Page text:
Show No Partiality
A living faith is not only a listening faith but also a doing faith. True belief manifests itself in action—and, in some cases, in inaction. In other words, true faith is known not only by what it does but also by what it doesn’t do—for example, as James points out, by not showing partiality.
Partiality—the sin of treating people differently due to their outward appearance, status, or usefulness—was a clear and present danger in James’ day, and it remains so in our own. James was not condemning all acknowledgment of distinctions, or even preferential treatment for legitimate reasons. A young man who gives up his bus seat for an elderly woman is not running foul of James’ teaching! Rather, what James was making absolutely clear is this: external characteristics, and especially those that indicate wealth, in and of themselves do not mean that someone deserves honor.
This is the point of the illustration in James 2: if two men enter our gathering, one in fine clothing and the other in shabby, and the wealthy man gets the place of honor while the poor man gets shoved aside, then we are guilty of the sin of partiality. To give such preferential treatment to the wealthy would be to make “distinctions among yourselves and become judges with evil thoughts” (v 4). God does not judge us by such distinctions, and so neither should we judge others in this way.
In His life and ministry, Jesus displayed how impartiality ought to look. He was willing to allow a woman of ill repute to weep over Him and for her tears to wash His feet (Luke 7:36-50). And He was just as prepared to call a rich man down from a tree to take Him to his house (19:1-10). Why? Because He knew that great wealth and worldly honor do not and cannot make someone more valuable in God’s eyes. He was well-acquainted with both the richest of riches and the lowest circumstances imaginable. In descending from heaven, exchanging honor for humility, Jesus set aside the glory which was His due in order to draw near to and save sinners like us—rich and poor alike.
When we grasp the wonder of this reality, we begin to see the true ugliness of judging others on the basis of the external and superficial. Partiality should have no place among the people of God because if we know God at all, it is because He dealt with us impartially. Be honest with yourself, then, and ask the Lord for the grace to see others in the way He does and to show others the mercy and grace He has shown you.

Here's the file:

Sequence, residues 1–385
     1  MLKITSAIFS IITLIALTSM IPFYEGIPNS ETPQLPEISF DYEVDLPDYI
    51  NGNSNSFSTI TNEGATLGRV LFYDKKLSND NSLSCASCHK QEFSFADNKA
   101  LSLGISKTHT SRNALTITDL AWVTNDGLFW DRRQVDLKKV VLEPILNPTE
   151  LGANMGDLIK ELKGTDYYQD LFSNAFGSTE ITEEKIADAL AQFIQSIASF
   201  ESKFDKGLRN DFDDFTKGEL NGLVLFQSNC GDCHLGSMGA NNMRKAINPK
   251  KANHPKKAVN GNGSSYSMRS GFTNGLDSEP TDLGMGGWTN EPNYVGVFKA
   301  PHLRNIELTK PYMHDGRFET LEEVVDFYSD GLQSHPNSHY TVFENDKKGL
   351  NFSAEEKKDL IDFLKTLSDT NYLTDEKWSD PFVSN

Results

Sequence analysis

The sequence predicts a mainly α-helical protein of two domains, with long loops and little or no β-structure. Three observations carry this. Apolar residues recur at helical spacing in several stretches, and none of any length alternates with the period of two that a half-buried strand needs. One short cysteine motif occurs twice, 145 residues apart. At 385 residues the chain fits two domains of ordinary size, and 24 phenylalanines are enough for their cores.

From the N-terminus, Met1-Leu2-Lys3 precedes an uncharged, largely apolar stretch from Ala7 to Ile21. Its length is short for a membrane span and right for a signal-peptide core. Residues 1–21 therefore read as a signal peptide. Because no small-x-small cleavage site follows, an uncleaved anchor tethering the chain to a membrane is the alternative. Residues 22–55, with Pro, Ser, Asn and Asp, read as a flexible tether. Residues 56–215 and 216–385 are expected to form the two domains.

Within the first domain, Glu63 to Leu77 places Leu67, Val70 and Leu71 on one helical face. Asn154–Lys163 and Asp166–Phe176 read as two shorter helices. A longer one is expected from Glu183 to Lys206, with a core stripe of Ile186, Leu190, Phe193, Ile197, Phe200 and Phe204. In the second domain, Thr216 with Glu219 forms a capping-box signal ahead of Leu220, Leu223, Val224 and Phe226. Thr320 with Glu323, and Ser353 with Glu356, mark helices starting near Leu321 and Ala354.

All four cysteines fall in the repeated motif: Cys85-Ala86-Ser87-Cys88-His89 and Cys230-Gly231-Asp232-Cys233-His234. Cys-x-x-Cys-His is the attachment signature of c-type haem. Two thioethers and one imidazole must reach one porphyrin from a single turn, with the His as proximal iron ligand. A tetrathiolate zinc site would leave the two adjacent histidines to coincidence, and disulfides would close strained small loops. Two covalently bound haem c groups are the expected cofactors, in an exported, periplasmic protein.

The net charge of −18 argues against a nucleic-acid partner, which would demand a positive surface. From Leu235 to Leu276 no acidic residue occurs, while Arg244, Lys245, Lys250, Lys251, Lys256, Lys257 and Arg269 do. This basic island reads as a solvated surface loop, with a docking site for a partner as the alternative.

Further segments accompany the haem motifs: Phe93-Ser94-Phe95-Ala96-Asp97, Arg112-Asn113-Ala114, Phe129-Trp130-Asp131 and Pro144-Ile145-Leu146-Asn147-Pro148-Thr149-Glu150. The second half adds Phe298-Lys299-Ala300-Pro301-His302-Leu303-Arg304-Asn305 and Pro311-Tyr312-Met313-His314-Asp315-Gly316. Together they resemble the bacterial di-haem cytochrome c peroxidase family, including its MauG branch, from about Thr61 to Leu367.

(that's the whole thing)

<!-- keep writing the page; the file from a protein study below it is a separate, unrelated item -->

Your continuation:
How is God calling me to think differently?
How is God reordering my heart’s affections — what I love?
What is God calling me to do as I go about my day today?
A Sinful Woman Forgiven
36One of the Pharisees asked him to eat with him, and he went into the Pharisee's house and reclined at the table. 37And behold, a woman of the city, who was a sinner, when she learned that he was reclining at table in the Pharisee's house, brought an alabaster flask of ointment, 38and standing behind him at his feet, weeping, she began to wet his feet with her tears and wiped them with the hair of her head and kissed his feet and anointed them with the ointment. 39Now when the Pharisee who had invited him saw this, he said to himself, “If this man were a prophet, he would have known who and what sort of woman this is who is touching him, for she is a sinner.” 40And Jesus answering said to him, “Simon, I have something to say to you.” And he answered, “Say it, Teacher.”
41“A certain moneylender had two debtors. One owed five hundred denarii, and the other fifty. 42When they could not pay, he cancelled the debt of both. Now which of them will love him more?” 43Simon answered, “The one, I suppose, for whom he cancelled the larger debt.” And he said to him, “You have judged rightly.” 44Then turning toward the woman he said to Simon, “Do you see this woman? I entered your house; you gave me no water for my feet, but she has wet my feet with her tears and wiped them with her hair. 45You gave me no kiss, but from the time I came in she has not ceased to kiss my feet. 46You did not anoint my head with oil, but she has anointed my feet with ointment. 47Therefore I tell you, her sins, which are many, are forgiven—for she loved much. But he who is forgiven little, loves little.” 48And he said to her, “Your sins are forgiven.” 49Then those who were at table with him began to say among8 themselves, “Who is this, who even forgives sins?” 50And he said to the woman, “Your faith has saved you; go in peace.”
Get the Program, Devotional, and Bible Reading Plan delivered daily right to your inbox.